Long-Term Care of the Disabled Elderly: Do Children Increase Caregiving by Spouses?

28 Pages Posted: 15 Sep 2008 Last revised: 25 Feb 2021

See all articles by Liliana E. Pezzin

Liliana E. Pezzin

Medical College of Wisconsin - Department of Medicine

Robert A. Pollak

Washington University in St. Louis - John M. Olin Business School; National Bureau of Economic Research (NBER); CESifo (Center for Economic Studies and Ifo Institute); IZA Institute of Labor Economics

Barbara Steinberg Schone

U.S. Department of Health and Human Services - Center for Cost and Financing Studies - Agency for Health Care Policy & Research (AHCPR); Georgetown Public Policy Institute

Date Written: September 2008

Abstract

Do adult children affect the care elderly parents provide each other? We develop two models in which the anticipated behavior of adult children provides incentives for elderly parents to increase care for their disabled spouses. The "demonstration effect" postulates that adult children learn from a parent's example that family caregiving is appropriate behavior. The "punishment effect" postulates that adult children may punish parents who fail to provide spousal care by not providing future care for the nondisabled spouse when necessary. Thus, joint children act as a commitment mechanism, increasing the probability that elderly spouses will provide care for each other; stepchildren with weak attachments to their parents provide weaker incentives for spousal care than joint children. Using data from the HRS, we find evidence that spouses provide more care when they have children with strong parental attachment.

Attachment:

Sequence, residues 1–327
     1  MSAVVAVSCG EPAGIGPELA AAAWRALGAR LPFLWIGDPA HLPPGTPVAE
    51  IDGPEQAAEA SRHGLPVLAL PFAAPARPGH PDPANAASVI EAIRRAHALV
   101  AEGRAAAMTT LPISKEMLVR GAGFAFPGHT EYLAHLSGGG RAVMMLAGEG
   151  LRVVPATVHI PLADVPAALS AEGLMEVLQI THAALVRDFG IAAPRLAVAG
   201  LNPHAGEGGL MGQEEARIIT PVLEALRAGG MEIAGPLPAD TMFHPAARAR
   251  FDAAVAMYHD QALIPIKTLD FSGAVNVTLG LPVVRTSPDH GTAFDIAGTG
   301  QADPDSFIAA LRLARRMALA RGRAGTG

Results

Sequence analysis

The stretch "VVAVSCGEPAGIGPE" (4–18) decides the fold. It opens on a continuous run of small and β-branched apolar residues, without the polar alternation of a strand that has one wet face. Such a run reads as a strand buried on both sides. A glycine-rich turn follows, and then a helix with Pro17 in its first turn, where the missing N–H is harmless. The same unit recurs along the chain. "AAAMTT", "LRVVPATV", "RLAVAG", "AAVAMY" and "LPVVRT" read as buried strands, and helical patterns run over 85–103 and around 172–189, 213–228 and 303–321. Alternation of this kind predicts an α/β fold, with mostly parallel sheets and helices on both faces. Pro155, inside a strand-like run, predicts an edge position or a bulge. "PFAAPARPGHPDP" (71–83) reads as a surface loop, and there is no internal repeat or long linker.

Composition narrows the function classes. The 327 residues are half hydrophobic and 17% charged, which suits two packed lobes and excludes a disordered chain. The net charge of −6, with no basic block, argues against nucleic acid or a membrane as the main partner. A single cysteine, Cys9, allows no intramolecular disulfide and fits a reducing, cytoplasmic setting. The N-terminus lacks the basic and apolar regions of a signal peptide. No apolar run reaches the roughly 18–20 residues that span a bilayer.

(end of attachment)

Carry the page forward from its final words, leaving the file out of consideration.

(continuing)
Suggested Citation

Pezzin, Liliana E. and Pollak, Robert A. and Steinberg Schone, Barbara, Long-Term Care of the Disabled Elderly: Do Children Increase Caregiving by Spouses? (September 2008). NBER Working Paper No. w14328, Available at SSRN: https://ssrn.com/abstract=1267559

Liliana E. Pezzin

Medical College of Wisconsin - Department of Medicine ( email )

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Robert A. Pollak (Contact Author)

Washington University in St. Louis - John M. Olin Business School ( email )

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Barbara Steinberg Schone

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